Hillary Clinton, the prohibitive nominee for the Democratic Party, barely pulled through in Iowa, and is expected to be slaughtered by her primary opponent, Sen. Bernie Sanders (D-VT), in New Hampshire by double-digits. It should come as no surprise that Hillary isn’t too pleased; mulling whom to cut pending her more than likely defeat tomorrow night. Yet, the street goes both ways. Politico published a piece today, which used mostly unnamed sources, that indicated the Clinton staff is equally frustrated, especially with how the former first lady dragged her feet on the email controversy:
“The Clintons are not happy, and have been letting all of us know that,” said one Democratic official who speaks regularly to both. “The idea is that we need a more forward-looking message, for the primary – but also for the general election too… There’s no sense of panic, but there is an urgency to fix these problems right now.”
The focus of their dissatisfaction in recent days is the campaign’s top pollster and strategist Joel Benenson, whom one Clinton insider described as being “on thin ice,” as the former first couple vented its frustrations about messaging following Clinton’s uncomfortably close 0.25 percent win in last week’s caucuses. Benenson, multiple staffers and operatives say, has been equally frustrated with the Clintons’ habit of tapping a rolling cast of about a dozen outside advisers – who often have the candidate’s ear outside the official channels of communication.
The result is a muddled all-the-above messaging strategy that emphasizes different messages – and mountains of arcane policy proposals – in stark contrast to Bernie Sanders’ punchy and relentless messaging on income inequality.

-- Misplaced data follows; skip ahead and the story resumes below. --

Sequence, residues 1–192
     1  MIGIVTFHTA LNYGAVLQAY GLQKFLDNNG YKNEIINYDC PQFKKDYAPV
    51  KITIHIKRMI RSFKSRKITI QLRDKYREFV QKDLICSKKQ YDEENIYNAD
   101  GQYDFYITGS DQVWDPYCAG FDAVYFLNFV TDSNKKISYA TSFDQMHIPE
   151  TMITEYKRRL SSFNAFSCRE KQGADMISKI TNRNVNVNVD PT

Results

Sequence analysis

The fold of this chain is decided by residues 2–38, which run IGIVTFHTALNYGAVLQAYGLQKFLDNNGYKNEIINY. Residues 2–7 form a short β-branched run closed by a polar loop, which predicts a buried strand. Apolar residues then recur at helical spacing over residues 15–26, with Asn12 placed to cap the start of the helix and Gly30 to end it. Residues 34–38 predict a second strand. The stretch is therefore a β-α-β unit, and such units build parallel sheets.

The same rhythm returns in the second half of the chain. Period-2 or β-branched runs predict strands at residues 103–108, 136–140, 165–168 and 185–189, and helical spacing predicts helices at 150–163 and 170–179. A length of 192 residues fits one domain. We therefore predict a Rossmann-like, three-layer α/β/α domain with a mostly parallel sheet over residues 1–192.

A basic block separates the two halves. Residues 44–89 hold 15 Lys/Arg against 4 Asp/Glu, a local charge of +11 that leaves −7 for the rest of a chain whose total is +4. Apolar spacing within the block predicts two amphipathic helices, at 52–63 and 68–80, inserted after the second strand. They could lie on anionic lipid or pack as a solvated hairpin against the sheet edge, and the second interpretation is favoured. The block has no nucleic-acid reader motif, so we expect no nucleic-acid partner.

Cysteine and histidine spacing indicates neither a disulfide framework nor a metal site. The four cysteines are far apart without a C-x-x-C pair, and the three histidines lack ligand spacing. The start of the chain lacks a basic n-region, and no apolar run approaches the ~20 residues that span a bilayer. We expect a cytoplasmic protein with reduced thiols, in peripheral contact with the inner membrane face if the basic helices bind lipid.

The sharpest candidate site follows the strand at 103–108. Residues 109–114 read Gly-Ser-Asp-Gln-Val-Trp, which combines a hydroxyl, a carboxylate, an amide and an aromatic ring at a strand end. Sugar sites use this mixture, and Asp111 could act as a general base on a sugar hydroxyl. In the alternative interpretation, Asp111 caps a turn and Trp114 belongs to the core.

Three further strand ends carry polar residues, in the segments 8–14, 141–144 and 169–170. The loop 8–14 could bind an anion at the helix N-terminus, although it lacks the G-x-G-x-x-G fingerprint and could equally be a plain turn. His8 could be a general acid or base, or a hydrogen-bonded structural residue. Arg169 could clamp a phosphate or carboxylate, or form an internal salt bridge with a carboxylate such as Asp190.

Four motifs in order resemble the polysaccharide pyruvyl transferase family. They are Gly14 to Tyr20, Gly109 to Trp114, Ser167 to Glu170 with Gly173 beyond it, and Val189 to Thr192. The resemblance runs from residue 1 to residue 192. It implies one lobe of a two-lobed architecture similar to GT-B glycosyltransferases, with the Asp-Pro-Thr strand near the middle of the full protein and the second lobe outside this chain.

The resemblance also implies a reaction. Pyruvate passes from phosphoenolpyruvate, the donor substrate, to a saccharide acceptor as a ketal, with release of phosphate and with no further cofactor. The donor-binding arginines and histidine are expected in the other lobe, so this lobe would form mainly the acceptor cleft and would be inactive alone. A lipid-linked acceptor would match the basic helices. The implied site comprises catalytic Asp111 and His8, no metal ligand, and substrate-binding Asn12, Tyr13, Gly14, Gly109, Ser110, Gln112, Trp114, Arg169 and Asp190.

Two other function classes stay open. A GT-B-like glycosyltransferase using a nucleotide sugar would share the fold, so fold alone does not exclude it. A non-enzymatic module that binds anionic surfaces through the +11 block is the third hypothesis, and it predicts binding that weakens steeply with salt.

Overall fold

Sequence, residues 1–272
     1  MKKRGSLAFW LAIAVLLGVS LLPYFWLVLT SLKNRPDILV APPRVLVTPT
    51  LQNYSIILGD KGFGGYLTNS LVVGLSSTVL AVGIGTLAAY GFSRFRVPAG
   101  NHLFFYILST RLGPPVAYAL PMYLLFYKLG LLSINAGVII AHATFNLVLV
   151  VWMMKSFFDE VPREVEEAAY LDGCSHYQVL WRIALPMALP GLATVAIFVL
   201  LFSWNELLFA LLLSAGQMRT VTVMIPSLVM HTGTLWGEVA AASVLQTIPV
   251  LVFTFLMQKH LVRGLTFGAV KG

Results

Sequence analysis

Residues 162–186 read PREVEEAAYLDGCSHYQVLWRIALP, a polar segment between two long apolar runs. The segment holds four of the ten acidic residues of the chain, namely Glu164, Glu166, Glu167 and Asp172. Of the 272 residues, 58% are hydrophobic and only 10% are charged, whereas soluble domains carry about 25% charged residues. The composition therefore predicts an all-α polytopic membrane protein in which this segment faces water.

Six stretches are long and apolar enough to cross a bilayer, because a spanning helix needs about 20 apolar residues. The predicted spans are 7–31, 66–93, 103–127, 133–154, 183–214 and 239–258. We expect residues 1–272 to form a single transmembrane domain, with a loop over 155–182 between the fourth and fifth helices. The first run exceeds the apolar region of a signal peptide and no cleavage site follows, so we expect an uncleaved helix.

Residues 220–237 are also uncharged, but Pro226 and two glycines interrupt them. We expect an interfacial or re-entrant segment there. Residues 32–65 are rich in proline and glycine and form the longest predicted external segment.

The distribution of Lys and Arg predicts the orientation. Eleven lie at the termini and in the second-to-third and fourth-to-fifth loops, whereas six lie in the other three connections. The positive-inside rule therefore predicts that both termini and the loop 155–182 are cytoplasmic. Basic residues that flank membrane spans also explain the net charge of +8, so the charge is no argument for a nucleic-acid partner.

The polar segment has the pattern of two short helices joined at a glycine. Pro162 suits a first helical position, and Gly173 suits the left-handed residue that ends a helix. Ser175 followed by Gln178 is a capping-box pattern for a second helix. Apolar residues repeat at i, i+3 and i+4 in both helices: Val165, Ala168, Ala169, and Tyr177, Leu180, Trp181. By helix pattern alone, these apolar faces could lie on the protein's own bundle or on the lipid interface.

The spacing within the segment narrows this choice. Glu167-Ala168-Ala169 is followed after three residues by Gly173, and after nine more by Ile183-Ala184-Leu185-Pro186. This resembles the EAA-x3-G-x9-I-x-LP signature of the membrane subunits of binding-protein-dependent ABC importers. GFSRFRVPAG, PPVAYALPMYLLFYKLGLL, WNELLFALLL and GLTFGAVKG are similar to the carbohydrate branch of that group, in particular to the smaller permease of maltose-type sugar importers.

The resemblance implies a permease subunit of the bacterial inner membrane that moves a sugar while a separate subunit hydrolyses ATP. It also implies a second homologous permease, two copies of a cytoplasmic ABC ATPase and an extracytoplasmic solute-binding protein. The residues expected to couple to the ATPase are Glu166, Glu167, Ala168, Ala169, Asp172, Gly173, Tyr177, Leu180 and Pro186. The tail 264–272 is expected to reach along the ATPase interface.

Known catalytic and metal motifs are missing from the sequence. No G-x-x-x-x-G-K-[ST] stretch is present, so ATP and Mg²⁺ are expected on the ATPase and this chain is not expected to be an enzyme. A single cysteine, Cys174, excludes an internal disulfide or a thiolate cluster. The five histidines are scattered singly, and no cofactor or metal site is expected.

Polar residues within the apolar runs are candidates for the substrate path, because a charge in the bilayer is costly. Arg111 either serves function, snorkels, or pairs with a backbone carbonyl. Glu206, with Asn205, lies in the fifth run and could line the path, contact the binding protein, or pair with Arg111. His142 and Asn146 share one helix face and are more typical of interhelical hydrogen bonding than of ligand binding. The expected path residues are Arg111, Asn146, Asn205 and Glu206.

But from the beginning, there have been deeper issues simmering within the cheerfully-decorated Brooklyn headquarters -- and much of that had to do with a disconnect between the candidate and her campaign. Over the summer while her campaign was bogged down in the email controversy, Clinton was deeply frustrated with her own staff, and vice versa. The candidate blamed her team for not getting her out of the mess quickly, and her team blamed Clinton for being stubbornly unwilling to take the advice of campaign chairman John Podesta and others to apologize, turn over her server, and move on. The entire experience made her a deeply vulnerable frontrunner out of the gate, and underscored a lack of trust between Clinton and her operatives, many of whom were former Obama staffers that she didn't consider part of her inner circle of trust.
As with many situations with the Clintons, the drama level is high. It’s a soap opera. And from these reports, a loose confederacy of top dogs botching the messaging, which probably explains why she’s gone down in the polls–along with why she’ll have trouble getting out. Last August, the Des Moines Register noted that her support has dropped by a third–and that the old Obama coalition seemed to be drifting to Sanders. A disorganized staff, coupled with a candidate who already is a bad campaigner, is a recipe for lackluster results, which is what we’re seeing.
Yet, this staff shakeup also seems to show signs that Clinton is thinking of her firewall in the South, where the electorate is more diverse and favorable to her. By the numbers, she should be able to trounce Sanders onward from South Carolina primary, but this double-digit blowout might have her preparing a shake up just in case some more cracks in her firewall appear in the days to come. Regardless, while some might note how Trump has caused chaos in the GOP primary, Democrats have a fragile frontrunner and a disheveled democratic socialist with horrible ideas vying to be the left’s standard-bearer this year.